Thursday, October 13, 2005

Grocery Store Pricing

From Marginal Revolution, the following is an excerpt about grocery store pricing from a new book coming out called The Undercover Economist: Exposing Why the Rich are Rich, the Poor are Poor -- and Why You Can Never Buy a Decent Used Car by Tim Harford.

Companies find it more profitable to increase prices (above the sale price) by a larger amount on an unpredictable basis than by a small amount in a predictable way. Customers find it trouble some to avoid unpredictable price increases -- and may not even notice them for lower-value goods -- but easy to avoid predictable ones...

Have you noticed that supermarkets often charge ten times as much for fresh chili peppers in a package as for loose fresh chilies? That's because the typical customer buys such small quantities that he doesn't think to check whether they cost four cents or forty. Randomly tripling the price of a vegetable is a favorite trick: customers who notice the markup just buy a different vegetable that week; customers who don't have self-targeted a whopping price rise.

I find these pricing strategies pretty interesting, and I can verify that they happen from my work on pricing strategy with an unnamed company that is headquartered in Atlanta. Now as opposed to more comments on why you think corporations are evil for such tactics, I would like to see a good reasoned comment on why this is not an "evil" thing to do, pehaps even other ideas of how to price along these lines, or other pricing strategies you or your parents may have noticed at the grocery store.

Source: Marginal Revolution

6 comments:

Jean Stricklen said...

The old saying 'caveat emptor' isn't selective. Consumers have a responsibility to check prices. They are not required to buy certain selected items but can choose from many.

Dingo said...

Good blog you have here. It is very well written and most importantly, interesting.

Anonymous said...

I think that any company has the right to raise prices to however high they want. It may seem evil, but in realityit is the consumer's responsibilty to check prices and manage their spending. Uping the pricing on various low priced goods is a good may to make more money becuase the typical consumer will not even notice. Another idea, slightly more "evil", would be to offer a certain price for a set amount of goods. Consumbers rarely compare the actual price of one good to the seemingly amazing deal for 5 of the same product. They make it seem like you are getting a good deal when u are really just buying an uneeded amount for the same, or slightly higher, price as you would if you got just one. A good example is stores like Costco that sell in bulk for good prices. This strategy brings in more money by selling in larger quantities when the average consumer typically won't compare the price per item in a 12 pack to the normal price of one of those same products. Overall this is a good strategy that stores use to make a profit off of consumers lack of caring.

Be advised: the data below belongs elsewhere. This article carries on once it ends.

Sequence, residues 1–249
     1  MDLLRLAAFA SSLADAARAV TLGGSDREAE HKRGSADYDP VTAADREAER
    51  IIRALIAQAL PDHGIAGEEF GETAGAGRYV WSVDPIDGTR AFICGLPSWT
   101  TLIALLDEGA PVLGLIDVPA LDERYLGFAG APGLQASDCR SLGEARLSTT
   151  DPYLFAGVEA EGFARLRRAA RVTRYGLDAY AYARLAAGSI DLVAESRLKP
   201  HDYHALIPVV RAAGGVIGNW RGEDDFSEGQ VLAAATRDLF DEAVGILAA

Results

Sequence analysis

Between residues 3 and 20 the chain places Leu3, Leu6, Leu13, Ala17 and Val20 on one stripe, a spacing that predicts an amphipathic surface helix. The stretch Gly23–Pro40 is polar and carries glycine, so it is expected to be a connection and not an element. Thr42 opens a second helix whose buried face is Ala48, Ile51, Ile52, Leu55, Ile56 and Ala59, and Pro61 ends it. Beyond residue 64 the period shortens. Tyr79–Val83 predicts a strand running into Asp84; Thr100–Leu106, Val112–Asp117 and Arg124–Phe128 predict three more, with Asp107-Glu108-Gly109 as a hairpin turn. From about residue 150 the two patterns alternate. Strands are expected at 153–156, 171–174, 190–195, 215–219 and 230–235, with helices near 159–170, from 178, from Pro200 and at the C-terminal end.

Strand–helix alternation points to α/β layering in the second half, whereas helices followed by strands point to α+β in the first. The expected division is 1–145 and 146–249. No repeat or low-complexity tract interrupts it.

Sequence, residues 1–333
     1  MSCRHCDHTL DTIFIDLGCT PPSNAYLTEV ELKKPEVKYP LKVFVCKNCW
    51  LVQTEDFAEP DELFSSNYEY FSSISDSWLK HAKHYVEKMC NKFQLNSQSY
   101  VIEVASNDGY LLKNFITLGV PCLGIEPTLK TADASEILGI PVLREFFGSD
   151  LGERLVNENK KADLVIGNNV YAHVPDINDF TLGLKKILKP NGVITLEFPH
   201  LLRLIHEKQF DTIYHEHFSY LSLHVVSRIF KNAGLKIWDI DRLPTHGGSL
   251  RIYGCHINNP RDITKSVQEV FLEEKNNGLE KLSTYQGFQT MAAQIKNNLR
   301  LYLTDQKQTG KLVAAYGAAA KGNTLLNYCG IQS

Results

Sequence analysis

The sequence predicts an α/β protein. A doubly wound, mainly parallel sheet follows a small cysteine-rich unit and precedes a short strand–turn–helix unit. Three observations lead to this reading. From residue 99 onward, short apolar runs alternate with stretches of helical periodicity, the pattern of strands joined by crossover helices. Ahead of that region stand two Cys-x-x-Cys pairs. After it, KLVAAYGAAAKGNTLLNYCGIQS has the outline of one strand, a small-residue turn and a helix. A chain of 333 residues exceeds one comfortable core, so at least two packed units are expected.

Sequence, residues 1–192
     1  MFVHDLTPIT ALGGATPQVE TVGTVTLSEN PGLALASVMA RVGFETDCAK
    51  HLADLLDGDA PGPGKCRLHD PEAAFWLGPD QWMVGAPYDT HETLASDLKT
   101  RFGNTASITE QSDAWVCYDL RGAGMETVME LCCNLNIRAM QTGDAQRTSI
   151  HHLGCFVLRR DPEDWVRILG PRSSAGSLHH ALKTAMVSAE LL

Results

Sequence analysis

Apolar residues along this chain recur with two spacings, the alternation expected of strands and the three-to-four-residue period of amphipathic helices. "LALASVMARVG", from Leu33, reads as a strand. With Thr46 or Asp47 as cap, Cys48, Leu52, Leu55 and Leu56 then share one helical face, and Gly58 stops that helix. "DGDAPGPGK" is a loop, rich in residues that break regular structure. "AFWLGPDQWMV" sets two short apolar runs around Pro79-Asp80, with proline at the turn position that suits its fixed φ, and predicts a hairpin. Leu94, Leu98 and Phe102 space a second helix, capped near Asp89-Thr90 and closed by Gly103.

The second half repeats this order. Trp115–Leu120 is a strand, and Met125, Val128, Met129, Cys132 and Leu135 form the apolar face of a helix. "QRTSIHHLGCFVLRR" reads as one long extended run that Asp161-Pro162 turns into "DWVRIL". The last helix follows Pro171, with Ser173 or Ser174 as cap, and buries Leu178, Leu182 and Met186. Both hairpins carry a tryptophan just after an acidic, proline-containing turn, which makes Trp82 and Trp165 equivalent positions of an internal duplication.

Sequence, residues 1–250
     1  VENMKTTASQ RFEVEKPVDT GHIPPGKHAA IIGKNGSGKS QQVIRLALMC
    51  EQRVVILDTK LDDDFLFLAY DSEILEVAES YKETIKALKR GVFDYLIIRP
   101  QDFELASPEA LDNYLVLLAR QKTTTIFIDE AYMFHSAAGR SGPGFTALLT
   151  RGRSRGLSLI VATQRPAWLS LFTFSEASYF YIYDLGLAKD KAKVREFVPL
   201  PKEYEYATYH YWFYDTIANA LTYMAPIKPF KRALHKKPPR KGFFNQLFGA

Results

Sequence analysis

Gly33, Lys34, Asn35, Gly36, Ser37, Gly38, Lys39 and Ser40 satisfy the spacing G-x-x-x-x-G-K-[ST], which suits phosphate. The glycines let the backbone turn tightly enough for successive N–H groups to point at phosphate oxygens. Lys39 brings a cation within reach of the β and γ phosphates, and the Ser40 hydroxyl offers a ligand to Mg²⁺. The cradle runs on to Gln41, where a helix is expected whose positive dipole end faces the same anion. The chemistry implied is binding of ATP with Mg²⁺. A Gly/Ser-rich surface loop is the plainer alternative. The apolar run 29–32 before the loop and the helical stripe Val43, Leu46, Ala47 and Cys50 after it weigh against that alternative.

JASON

Anonymous said...

I think that the pricing strategy is completely fair for the consumer, because most people would rather pay an extra fifty cents than to go and compare the prices with other brands. And it's not like the company is deceiving the consumer because the price they're charging is the one displayed. Another strategy similar to this one is raising the price of something and calling it the "Old price" and then giving a discount. People love the idea of saving money, so they'll go for the "discounted" item even if the price is actually the same, and they'll probably buy more of the item because it's such a great deal.
Jessica W

Anonymous said...

The pricing strategy is by no means evil. Any grocery store like Publix or Kroger always has a catalog at the front of the store to show items that are on sale or reduced price, and if that doesn't grab a consumer's attention, then the "buy one get one free" signs posted throughout the stores would. Although the hiked prices in flora might catch a few careless consumers, they also make up for the items bought that have a ridiculous sale on them.


David Wyant

Anonymous said...

This is a good strategy for stores to use. It can earn a great deal of money from casual customers who don't check prices, either because the customers are careless or the money saved isn't worth the time it would take to check prices. Because grocery stores constantly switch which goods are on sale and which are priced higher, customers will always either be able to buy a similar substitute or wait a week for the product's price to go down. From my bag-boy experience, I've noticed that many customers are very responsive to price changes. They know what items are on sale when and always double-check their purchase at check out. Often they will find that the sale for an item they bought recently ended, so they will refuse to purchase the item (and I will have to wander through the store looking for where to return the item). Even if the price is only 20 cents higher, they will not buy it. Therefore, I would guess that the huge price increases on some items rarely fool consumers. Very few people are completely oblivious to the price changes of a good, even very inelastic ones like food from the grocery store.

RIchard